Shoulder injury in water polo: A systematic review of incidence and intrinsic risk factors
Embargoed until: 2019-08-01
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Objectives Water polo is a popular water-based contact sport that involves swimming, throwing and defending. Cumulatively, these repetitive overhead activities are thought to increase the risk of shoulder injury and, subsequently to affect players’ physical conditioning as well as team performance. The purpose of this review was to examine available evidence relating to shoulder injury rates and risk factors for shoulder injury in water polo. Design Systematic review Methods CINAHL, AUSPORT, Pubmed, Pedro and SPORTDiscus databases were searched for original research papers using the predefined terms (“water polo”) AND (shoulder OR glenohumeral* OR arm OR “upper limb”). Results Twenty papers were identified as suitable for inclusion. Reported shoulder injury rates varied from 24% – 51%. Shoulder injuries were more likely to become chronic compared to all other reported injuries. Injury data during the last three World Championships indicates an increasing rate of shoulder injuries-per-year with participation in aquatic sports. Risk for shoulder injury in water polo is multi-factorial. Volume of shooting, range of motion, scapular dyskinesis, strength imbalance, proprioceptive deficit and altered throwing kinematics have been proposed to be associated with an increased risk of injury. Conclusions Although this review showed water polo to have a high propensity for shoulder injury, the descriptive nature of the included papers limited the inferences that could be drawn from the pooled literature. Future directions for research include collecting normative data for shoulder range of motion, strength ratio and proprioception with prospective analysis of these attributes in relation to injury rates and time lost.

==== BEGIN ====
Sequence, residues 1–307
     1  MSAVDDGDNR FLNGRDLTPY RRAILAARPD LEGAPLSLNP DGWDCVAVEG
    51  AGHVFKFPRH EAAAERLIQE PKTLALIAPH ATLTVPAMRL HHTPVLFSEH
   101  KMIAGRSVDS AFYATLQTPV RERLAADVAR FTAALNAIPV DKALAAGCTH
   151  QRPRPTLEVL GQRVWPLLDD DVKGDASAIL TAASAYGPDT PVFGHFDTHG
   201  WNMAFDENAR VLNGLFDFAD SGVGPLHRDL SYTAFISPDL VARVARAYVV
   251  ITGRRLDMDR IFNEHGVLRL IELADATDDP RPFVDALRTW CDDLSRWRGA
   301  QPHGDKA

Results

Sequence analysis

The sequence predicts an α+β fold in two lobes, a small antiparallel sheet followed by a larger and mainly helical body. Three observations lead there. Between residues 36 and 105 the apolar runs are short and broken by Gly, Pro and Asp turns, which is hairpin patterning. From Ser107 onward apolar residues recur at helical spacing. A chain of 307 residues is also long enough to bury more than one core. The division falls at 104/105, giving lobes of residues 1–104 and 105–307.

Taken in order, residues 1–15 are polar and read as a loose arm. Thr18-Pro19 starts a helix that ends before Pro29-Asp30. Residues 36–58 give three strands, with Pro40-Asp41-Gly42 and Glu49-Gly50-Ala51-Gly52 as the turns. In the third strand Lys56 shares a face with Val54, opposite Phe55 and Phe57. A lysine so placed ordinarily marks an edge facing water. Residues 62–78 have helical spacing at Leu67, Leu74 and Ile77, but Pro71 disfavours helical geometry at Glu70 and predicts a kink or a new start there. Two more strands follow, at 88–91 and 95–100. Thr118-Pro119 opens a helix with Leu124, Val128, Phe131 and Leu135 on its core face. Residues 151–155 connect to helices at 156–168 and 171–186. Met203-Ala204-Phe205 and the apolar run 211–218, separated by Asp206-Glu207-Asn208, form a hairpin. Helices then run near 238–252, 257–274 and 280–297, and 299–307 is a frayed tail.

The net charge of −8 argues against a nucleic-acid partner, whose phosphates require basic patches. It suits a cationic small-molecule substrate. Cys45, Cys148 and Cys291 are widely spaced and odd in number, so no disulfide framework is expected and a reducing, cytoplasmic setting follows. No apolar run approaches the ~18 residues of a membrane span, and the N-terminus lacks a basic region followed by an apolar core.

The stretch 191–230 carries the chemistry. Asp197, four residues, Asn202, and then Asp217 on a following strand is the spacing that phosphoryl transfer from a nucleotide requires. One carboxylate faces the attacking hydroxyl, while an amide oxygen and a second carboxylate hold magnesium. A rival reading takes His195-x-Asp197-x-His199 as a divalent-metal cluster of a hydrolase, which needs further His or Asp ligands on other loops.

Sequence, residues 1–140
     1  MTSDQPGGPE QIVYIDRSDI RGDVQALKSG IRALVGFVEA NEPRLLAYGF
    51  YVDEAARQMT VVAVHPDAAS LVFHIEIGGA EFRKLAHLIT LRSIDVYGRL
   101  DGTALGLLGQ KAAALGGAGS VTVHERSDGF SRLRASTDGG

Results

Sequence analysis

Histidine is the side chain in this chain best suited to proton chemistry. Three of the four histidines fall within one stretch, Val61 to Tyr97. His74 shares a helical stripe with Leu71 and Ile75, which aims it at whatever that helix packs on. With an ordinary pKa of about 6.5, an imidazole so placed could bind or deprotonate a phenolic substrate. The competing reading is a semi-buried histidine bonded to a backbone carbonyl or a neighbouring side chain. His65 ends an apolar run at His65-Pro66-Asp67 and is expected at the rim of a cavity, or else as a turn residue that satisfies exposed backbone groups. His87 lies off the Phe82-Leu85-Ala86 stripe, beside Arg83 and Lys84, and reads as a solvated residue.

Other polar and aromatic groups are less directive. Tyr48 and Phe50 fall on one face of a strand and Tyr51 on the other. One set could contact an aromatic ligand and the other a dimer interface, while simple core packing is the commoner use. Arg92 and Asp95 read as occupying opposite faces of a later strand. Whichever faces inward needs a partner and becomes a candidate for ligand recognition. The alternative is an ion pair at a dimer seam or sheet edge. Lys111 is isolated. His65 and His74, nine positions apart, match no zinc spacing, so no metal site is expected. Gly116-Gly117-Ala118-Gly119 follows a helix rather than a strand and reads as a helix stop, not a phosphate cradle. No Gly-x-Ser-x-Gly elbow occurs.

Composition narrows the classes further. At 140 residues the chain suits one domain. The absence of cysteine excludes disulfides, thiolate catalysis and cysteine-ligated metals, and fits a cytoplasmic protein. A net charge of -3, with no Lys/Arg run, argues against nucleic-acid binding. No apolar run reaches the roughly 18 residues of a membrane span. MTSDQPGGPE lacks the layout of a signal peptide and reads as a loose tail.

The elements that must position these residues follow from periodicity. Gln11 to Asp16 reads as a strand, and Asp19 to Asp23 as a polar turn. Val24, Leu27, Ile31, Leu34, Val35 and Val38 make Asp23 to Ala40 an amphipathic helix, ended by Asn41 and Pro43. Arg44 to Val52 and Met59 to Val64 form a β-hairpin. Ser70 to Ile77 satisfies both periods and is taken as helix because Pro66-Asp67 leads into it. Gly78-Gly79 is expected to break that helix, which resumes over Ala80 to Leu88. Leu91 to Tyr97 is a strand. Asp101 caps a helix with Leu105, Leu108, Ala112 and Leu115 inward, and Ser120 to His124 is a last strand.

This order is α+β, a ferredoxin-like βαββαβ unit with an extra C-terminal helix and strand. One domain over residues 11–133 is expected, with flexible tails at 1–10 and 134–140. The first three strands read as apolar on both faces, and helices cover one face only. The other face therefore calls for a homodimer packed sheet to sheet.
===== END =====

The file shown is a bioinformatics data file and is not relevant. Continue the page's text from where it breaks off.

Journal of Science and Medicine in Sport
© 2017 Sports Medicine Australia. Published by Elsevier Ltd. Licensed under the Creative Commons Attribution-NonCommercial-NoDerivatives 4.0 International Licence (http://creativecommons.org/licenses/by-nc-nd/4.0/) which permits unrestricted, non-commercial use, distribution and reproduction in any medium, providing that the work is properly cited.
This publication has been entered into Griffith Research Online as an Advanced Online Version.
Human Movement and Sports Science not elsewhere classified